In this year’s show, the filmmakers changed their story. Now they’ve presented the theory that a MUCH larger shark, i.e. a Carcharodon megalodon – one that inhabits the abyssal depths – was responsible for the attack on Shark Alpha. They backed this up with a photo of an 80-foot pygmy blue whale sporting a bite scar on its peduncle measuring a whopping 5 feet across. They also stated that the shark that unsuccessfully attacked the pygmy blue would have measured nearly 40 feet in length.

The facts dictate otherwise.

1- Per http://www.cwr.org.au/research/bluewhales.html, the pygmy blue measured 20-21 meters, i.e. a maximum of 69 feet.

2- Also, per the same site’s data, the bite on the whale’s tail measured a maximum of 1.2 meters across. That’s a smidgen less than 4 feet, not 5, indicating a shark around 32 feet long. A sub-adult Megalodon? Possibly. Or maybe just a really huge great white.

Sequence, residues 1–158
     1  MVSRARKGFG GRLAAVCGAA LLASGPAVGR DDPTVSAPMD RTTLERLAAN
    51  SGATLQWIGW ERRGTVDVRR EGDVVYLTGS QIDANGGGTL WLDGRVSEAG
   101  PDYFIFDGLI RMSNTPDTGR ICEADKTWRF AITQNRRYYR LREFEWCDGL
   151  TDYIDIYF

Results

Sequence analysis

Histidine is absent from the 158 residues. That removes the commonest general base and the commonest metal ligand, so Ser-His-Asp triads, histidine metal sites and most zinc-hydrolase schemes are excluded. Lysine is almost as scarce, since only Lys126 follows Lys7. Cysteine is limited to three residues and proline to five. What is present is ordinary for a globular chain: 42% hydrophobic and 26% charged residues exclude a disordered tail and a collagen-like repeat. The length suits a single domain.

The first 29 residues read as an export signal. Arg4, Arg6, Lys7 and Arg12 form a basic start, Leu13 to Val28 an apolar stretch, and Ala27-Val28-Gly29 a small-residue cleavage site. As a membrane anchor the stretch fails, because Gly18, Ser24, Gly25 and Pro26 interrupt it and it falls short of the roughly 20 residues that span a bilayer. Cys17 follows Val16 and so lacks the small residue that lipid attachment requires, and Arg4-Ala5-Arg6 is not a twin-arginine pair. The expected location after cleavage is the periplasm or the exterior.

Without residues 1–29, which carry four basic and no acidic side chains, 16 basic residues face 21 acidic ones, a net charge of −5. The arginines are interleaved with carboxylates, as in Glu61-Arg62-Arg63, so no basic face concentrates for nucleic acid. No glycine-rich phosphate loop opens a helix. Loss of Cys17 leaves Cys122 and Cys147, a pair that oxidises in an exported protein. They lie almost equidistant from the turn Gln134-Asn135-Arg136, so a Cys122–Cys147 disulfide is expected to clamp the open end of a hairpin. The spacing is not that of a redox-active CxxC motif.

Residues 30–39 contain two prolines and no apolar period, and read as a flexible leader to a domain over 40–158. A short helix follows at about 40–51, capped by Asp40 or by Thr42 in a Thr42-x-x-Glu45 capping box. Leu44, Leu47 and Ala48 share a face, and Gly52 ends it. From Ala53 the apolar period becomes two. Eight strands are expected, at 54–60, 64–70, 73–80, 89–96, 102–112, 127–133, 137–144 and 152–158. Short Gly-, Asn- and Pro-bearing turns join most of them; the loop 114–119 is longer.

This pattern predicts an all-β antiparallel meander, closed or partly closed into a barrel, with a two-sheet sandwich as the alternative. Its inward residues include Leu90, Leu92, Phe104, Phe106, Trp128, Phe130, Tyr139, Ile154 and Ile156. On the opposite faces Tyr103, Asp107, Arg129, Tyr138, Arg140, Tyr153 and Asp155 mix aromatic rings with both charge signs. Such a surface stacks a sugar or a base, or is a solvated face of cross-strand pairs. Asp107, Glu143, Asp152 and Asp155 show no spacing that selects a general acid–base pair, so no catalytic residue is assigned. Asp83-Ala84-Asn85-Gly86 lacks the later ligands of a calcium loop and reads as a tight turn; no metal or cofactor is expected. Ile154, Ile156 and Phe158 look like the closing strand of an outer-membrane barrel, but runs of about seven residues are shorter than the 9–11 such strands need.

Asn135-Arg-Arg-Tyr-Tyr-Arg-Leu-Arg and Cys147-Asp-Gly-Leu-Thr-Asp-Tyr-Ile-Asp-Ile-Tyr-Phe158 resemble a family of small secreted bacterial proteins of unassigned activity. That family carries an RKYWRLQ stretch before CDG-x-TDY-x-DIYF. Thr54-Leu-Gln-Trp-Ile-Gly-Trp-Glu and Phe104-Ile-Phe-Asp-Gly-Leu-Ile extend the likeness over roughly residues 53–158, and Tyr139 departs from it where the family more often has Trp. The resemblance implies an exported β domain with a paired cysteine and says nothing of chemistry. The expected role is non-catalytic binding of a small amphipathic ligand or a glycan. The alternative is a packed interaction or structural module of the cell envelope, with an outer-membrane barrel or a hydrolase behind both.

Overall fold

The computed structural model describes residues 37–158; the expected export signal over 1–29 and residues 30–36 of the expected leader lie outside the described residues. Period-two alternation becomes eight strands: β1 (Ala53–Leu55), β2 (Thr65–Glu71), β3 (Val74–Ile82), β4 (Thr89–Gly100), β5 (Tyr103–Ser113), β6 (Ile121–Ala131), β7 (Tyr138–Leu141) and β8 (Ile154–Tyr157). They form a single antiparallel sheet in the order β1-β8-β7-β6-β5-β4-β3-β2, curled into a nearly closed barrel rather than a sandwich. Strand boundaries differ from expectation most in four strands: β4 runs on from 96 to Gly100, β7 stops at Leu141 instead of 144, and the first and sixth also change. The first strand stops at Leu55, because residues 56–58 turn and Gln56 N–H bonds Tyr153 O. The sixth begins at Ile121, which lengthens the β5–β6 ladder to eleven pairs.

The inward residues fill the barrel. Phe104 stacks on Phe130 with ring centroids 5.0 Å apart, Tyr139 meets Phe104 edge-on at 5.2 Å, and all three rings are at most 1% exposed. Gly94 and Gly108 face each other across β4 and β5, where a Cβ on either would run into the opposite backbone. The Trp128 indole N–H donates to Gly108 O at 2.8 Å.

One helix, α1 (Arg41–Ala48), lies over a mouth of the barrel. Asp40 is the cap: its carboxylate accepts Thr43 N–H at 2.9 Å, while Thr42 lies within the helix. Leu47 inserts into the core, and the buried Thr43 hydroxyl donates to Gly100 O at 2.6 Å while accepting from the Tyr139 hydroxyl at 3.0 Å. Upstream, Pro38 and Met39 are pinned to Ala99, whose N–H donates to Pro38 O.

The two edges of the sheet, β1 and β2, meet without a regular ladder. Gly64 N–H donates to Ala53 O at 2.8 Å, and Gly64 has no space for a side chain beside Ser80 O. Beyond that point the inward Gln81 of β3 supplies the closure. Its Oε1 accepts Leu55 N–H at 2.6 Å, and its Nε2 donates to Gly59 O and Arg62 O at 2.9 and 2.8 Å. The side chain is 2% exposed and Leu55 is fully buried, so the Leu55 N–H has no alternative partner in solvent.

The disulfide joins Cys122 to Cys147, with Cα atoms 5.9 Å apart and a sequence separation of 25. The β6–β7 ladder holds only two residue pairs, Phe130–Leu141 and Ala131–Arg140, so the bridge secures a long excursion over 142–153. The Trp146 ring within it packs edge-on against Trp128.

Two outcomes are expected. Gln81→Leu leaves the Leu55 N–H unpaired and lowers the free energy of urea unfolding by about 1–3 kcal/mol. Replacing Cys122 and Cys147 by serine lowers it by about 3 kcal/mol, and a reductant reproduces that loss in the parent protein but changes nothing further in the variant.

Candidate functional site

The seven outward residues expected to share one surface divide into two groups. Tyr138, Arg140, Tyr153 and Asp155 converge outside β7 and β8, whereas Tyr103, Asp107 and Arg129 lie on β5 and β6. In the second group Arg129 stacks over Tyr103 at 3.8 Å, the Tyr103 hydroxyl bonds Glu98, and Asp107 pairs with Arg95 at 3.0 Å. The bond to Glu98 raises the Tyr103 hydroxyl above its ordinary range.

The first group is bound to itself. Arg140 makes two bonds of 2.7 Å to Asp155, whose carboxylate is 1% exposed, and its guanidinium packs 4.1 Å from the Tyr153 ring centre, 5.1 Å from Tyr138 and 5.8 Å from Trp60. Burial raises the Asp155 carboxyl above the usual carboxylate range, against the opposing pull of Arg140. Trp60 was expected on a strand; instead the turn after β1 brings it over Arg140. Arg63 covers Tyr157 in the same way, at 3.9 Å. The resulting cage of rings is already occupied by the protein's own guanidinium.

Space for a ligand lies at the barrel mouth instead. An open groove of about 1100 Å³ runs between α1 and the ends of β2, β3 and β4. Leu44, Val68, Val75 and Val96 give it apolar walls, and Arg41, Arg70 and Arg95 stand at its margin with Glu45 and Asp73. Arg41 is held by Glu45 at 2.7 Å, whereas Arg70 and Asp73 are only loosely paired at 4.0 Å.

3- There is no indication that this pygmy blue whale was attacked in the Bremer canyon, so any insinuation that the shark that bit the whale is the same animal that devoured Shark Alpha is a stretch.

4- Per her satellite tag/tracker, Alpha’s body temperature, when attacked, was confirmed at 46 degrees Fahrenheit. Her body temperature, again per the tag, went from 46 to 78 degrees almost instantly after she was devoured.

5- White sharks have a body temperature that normally ranges from 10-14 degrees Fahrenheit above the surrounding water (the inside of the belly being the highest temp differential). Under extreme circumstances, the maximum differential has been listed at a difference of 25 degrees.